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How Great Leaders Think: The Art of Reframing by Terrence E. Deal, Lee G. Bolman

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Chapter 5Seeing Ourselves as Others See Us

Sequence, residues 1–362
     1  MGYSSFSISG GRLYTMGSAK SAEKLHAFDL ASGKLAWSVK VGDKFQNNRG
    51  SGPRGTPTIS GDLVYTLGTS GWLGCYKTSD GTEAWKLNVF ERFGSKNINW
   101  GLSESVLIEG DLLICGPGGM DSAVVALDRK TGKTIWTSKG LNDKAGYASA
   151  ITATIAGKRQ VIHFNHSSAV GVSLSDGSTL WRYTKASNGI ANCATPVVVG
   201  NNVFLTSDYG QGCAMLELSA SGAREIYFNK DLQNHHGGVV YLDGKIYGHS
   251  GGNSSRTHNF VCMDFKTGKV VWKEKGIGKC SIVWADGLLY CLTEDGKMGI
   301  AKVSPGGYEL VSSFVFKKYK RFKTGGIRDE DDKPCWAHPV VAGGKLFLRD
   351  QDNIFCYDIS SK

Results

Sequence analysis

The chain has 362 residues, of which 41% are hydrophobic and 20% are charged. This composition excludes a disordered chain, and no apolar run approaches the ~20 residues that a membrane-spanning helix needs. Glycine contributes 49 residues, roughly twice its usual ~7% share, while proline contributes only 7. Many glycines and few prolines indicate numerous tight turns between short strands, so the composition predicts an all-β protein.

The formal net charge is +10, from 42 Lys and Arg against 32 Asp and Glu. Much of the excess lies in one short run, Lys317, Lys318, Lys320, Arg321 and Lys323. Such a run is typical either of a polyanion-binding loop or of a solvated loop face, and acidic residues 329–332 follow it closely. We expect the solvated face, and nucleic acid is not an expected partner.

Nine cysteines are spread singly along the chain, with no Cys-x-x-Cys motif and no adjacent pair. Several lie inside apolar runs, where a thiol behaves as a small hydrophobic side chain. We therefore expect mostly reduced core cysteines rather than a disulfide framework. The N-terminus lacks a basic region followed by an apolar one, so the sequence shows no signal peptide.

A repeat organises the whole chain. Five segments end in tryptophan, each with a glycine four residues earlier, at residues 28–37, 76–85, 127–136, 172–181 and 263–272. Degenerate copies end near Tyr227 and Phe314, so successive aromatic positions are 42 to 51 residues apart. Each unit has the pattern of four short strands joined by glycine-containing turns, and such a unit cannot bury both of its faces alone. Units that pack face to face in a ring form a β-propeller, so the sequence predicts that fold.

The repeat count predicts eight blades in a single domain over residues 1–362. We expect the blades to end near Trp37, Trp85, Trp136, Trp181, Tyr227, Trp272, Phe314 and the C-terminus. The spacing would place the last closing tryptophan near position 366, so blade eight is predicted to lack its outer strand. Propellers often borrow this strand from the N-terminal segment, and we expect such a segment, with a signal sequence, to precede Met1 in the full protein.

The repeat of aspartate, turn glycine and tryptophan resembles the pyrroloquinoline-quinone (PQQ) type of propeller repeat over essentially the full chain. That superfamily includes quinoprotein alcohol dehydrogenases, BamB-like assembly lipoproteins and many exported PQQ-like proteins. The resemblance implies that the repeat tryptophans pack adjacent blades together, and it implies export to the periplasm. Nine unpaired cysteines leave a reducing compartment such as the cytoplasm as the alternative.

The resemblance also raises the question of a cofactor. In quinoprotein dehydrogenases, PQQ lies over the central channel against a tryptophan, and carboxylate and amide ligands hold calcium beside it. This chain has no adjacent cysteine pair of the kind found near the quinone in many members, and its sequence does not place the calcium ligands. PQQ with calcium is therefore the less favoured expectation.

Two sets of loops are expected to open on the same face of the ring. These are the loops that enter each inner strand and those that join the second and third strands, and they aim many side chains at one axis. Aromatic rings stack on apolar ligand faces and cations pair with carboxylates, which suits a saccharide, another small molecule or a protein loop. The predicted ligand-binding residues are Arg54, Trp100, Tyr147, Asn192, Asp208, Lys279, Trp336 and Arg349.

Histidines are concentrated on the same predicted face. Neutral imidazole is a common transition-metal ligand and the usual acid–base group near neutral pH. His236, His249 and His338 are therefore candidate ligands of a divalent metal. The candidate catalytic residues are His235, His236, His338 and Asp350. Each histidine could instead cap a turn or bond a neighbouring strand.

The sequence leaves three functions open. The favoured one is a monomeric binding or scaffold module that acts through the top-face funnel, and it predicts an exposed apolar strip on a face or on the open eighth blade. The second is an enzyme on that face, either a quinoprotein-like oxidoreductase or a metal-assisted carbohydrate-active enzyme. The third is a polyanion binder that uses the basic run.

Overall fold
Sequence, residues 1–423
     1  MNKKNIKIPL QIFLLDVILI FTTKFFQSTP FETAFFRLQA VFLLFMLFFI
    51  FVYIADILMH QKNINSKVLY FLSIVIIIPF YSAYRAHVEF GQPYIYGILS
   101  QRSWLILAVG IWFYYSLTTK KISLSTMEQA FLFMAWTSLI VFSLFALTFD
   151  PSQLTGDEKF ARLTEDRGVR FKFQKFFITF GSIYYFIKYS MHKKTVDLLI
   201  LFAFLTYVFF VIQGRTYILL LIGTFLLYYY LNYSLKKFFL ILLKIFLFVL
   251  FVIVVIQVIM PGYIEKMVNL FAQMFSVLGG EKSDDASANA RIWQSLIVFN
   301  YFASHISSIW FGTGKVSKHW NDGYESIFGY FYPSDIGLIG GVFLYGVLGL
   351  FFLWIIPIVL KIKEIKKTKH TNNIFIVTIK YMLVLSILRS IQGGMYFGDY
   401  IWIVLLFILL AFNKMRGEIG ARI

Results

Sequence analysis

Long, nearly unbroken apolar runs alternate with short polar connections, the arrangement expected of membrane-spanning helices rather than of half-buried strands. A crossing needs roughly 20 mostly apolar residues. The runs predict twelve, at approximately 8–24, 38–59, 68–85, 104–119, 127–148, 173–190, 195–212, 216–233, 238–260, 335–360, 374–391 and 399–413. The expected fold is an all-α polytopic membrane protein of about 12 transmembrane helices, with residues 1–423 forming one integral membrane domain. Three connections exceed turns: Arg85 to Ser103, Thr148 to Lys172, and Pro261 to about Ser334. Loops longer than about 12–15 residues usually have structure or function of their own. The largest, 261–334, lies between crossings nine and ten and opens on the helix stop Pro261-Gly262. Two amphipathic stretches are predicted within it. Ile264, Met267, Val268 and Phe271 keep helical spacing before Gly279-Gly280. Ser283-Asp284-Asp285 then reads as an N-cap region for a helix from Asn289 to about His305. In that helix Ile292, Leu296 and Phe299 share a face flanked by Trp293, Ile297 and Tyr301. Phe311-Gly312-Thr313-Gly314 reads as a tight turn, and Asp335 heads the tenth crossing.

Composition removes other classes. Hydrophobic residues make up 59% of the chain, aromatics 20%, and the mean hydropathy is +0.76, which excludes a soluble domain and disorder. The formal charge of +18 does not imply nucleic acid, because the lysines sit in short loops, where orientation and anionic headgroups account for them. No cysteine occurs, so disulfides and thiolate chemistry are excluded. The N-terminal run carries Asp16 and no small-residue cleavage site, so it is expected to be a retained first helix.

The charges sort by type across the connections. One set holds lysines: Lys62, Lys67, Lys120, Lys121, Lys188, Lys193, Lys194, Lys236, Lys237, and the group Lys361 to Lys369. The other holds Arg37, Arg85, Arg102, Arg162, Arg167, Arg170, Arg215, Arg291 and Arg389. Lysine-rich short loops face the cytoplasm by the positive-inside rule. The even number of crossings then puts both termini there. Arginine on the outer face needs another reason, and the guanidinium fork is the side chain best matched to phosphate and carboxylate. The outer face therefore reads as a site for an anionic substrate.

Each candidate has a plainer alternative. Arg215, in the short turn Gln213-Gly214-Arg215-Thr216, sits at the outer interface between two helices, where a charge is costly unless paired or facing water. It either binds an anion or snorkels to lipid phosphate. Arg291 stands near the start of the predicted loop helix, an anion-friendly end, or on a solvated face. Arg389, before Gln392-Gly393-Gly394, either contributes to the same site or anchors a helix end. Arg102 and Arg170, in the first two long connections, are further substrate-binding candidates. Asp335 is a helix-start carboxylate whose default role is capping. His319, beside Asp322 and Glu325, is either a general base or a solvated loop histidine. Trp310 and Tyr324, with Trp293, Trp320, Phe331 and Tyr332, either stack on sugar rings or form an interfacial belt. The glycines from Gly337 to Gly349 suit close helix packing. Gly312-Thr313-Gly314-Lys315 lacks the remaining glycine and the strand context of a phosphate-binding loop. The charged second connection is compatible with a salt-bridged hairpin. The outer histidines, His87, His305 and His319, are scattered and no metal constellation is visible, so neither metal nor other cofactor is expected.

One of the most basic and pervasive causes of leadership failure is interpersonal blindness. Many leaders simply don’t know their impact on other people. Even worse, they don’t know that they don’t know. They assume that other people see them pretty much the way they see themselves, then they blame others when things go wrong. A famous example occurred during the 2008 U.S. presidential campaign, after the Republican nominee, John McCain, selected the then largely unknown governor of Alaska, Sarah Palin, to be his running mate. At first, this looked like a smart move, as Palin gave a rousing and well-received acceptance speech at the Republican convention. But Palin was new to the national political ...

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